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The Basketball Kid Takes a Victory Lap

June 18, 2008
 
Untitled

This photo was taken in the fall of 1983, when I was 15 years old. I had been at boarding school for a couple of months. By then I’d played enough pickup basketball at the school to understand that my place in the school’s basketball universe was marginal at best. I looked like my brother, who had directly preceded me at the school and who had served as a human victory cigar on the excellent varsity team, fans chanting for him during blowouts, but I wasn’t as big or as skilled as my brother. I knew this already, even before I’d come to the school. All the teams I’d ever played on had sucked, each season horrific, a Donner Party pantomime, and I’d been far from the best player on even those teams. At the end of the last of those seasons, my 10th grade junior varsity campaign, I told the varsity coach I was going away to boarding school. He had gotten angry with my brother for doing the same a couple years earlier. I was expecting the same treatment, an impassioned lecture on why I shouldn’t leave. He just looked at me and shrugged, then turned back to some paperwork.

“Good luck,” he muttered.

Still, I clung to the hope that basketball would be a way for me to find some place in the world. How could I not? I didn’t see that I had anything else.

To get in shape for basketball season at boarding school, I took distance running as my fall gym class. A turning point in my life came the day, a few weeks into the semester, when I discovered I could show up for pre-run roll call, then let the instructor lurch way out ahead of me with a pack of untroubled youth who had enrolled in the class, and then veer off the path, dart behind a building, and saunter back to the dorm to laze around for the rest of the afternoon. The seed had been planted: it was frighteningly easy to fake it.

But I didn’t seize upon this discovery, at least not at first. I still wanted, at least on some level, to be more than a faker. I went on most of the distance runs, and by the day the above photo was taken, I was in pretty good shape. That day was the running at the school of something called the Pie Race, one of the oldest footraces in America. Everyone who ran the race under a certain time got a pie.

When I first saw this photo, a week or so after it was taken by my dorm parent, I was mortified. The kid who had begun to learn how to fake it wanted to be the kid who didn’t seem to care. It struck me as painfully uncool to be captured in a moment of puke-coaxing effort. But it was the home stretch of the race, and even though dozens of runners had already finished ahead of me, reinforcing my status as a marginal, I still very much wanted to do my best. The picture embarassed me.

As I look at it now, twenty-five years later, I see a kid who was trying. Soon enough this kid would begin to embrace his lot in life as a marginal type, a goof-off, a loser, but in this moment he’s still trying to miraculously discover himself among the ranks of the winners. If you look closely, you can see a familiar figure on the shirt he’s chosen to wear on the day of the tradition-haunted school-wide race. It’s the same winking, cane-leaning, basketball-spinning leprechaun that, late last night, Kevin Garnett put at the center of his first act as (to use his term) a “certified” winner.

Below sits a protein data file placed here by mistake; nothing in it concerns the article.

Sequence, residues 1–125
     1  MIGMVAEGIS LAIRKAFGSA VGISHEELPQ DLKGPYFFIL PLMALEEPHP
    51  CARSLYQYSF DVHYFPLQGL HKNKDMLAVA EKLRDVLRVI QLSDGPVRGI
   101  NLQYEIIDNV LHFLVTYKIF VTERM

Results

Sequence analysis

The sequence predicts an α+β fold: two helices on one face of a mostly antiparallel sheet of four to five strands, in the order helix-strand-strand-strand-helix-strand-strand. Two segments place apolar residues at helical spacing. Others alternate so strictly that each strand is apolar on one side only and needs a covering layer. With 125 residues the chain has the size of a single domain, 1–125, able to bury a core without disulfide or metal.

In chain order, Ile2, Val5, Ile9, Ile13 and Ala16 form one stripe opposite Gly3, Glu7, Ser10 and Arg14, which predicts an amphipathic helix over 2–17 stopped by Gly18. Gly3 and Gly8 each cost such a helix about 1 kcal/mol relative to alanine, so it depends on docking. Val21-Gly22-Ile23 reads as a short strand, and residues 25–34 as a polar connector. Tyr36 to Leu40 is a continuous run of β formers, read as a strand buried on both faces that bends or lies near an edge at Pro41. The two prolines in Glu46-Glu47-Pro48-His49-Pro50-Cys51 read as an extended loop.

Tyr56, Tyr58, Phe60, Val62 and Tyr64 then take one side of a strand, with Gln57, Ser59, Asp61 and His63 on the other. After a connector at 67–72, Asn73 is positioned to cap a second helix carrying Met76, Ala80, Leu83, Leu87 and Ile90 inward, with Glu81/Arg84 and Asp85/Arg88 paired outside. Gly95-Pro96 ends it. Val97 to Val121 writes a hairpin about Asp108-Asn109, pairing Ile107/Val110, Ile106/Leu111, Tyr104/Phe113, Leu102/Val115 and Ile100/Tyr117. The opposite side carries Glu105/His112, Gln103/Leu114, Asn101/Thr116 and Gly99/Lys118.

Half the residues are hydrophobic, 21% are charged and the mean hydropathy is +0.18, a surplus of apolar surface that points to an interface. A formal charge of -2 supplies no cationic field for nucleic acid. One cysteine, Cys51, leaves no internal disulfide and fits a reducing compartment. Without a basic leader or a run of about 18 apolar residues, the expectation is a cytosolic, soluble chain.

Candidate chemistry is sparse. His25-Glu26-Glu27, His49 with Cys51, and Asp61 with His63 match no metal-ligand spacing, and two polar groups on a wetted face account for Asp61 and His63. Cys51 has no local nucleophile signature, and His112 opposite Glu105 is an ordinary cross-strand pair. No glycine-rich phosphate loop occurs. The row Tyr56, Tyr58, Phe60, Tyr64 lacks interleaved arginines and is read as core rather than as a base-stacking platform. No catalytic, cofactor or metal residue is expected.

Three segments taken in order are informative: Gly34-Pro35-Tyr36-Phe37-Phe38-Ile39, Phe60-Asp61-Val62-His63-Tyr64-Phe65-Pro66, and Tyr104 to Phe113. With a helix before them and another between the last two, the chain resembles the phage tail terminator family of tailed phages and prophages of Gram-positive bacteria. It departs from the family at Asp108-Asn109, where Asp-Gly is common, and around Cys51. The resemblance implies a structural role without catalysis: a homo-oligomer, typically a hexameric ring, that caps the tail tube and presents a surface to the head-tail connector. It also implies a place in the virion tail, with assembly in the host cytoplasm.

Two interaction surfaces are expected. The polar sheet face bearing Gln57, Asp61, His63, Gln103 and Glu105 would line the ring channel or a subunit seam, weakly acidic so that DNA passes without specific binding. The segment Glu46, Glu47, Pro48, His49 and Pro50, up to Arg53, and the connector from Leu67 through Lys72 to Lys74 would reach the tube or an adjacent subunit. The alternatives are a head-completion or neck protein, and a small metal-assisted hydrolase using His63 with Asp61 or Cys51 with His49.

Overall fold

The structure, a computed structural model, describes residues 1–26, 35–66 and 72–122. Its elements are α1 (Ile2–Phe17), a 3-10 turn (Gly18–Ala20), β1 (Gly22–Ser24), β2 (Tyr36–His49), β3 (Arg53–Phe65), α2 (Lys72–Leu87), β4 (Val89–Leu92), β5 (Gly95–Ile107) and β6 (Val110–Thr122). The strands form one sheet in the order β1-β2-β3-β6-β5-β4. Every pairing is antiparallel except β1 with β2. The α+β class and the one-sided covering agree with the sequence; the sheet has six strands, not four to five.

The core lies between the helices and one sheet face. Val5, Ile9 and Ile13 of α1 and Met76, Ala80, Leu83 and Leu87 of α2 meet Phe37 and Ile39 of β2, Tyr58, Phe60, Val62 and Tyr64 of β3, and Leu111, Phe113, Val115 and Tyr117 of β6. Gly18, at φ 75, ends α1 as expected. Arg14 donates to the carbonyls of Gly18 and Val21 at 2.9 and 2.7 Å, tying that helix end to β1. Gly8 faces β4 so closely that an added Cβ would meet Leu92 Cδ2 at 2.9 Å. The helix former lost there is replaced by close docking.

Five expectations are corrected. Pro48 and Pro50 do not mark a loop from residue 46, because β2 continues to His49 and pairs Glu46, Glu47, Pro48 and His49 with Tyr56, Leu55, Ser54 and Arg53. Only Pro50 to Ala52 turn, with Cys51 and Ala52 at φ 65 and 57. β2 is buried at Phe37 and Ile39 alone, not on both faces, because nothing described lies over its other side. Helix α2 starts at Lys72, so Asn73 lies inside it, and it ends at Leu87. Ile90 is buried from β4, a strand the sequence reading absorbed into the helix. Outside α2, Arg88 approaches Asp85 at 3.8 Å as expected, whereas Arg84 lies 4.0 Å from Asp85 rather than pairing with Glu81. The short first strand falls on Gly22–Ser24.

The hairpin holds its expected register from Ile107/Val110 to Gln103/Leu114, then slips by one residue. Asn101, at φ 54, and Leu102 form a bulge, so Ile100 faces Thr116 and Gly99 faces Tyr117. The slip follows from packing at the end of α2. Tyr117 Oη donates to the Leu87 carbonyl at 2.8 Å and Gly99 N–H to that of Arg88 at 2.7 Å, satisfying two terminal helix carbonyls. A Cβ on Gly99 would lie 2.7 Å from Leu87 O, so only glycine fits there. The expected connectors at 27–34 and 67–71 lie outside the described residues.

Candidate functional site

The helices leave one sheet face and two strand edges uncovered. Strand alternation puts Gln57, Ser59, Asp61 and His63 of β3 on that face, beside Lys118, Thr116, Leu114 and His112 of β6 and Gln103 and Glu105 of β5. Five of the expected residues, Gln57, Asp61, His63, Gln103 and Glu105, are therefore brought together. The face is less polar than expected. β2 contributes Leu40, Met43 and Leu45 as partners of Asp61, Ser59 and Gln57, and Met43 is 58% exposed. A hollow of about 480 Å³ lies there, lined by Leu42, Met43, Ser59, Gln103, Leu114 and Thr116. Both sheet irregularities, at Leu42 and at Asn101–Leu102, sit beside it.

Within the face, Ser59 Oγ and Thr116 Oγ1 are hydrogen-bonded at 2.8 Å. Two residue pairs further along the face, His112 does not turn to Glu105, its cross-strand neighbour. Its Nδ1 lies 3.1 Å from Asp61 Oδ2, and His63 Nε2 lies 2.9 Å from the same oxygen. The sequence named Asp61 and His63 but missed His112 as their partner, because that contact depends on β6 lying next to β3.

25 comments

  1. 1.  Just looking for some closure….were you fast enough to get a pie?

    Our HS cross-country team was ridiculously good. Some multi-decade long undefeated streak or something like that. I figured anyone could do it, so in the summer between sophomore and junior year I got a copy of their summer training schedule from the coach. I think I ran once that summer, then went back to playing stickball and pickup hoops. If I couldn’t outrun them, at minimum I could outrebound them.


  2. 2.  1 : Yeah, I got a pie, an apple pie I think it was. However, I have an aversion to all fruit (someday I’ll delve further into this personality defect), so after I got my pie I put it down on the ground and walked away. When I looked back a golden retriever was eating it.


  3. 3.  This post reminds me of that great story by Alan Sillitoe, The Loneliness of The Long Distance Runner.


  4. 4.  It’d be terrible to lose you and this blog, Josh, if you got scurvy. Just be careful out there.


  5. 5.  2 Ah, such is life. Blondes get everything while the rest have to make sacrifices.

    3 What about “Pie Goes To the Runner”? >;)


  6. 6.  And I thought I was bad because I don’t like peaches. But I eat most other fruits.

    No scurvy for me.
    My rickets went away.
    The pellagra and beriberi are gone too.


  7. 7.  4 : I have a couple loopholes in my unusual dietary orthodoxy that I hope will continue to keep scurvy at bay. Because I grew up drinking Tang I’m able to stomach orange juice. I also willfully side with the shaky-ground-standing vegetable-sayers in the great “What is a tomato?” debate.


  8. 8.  I have the same aversion to fruit and berries. I’m a “supertaster”, so I find their tastes too intense. Juices are better, because I can water them down.


  9. 9.  8 : Compadre! For my early years I thought I was the only fruit-avoider in the world and guarded what seemed to me my shameful secret. Now I don’t care quite so much and am used to the inevitable curious questioning that ensues (“Even [fruit name]? How could you not like those? Well, what about [another fruit name]?”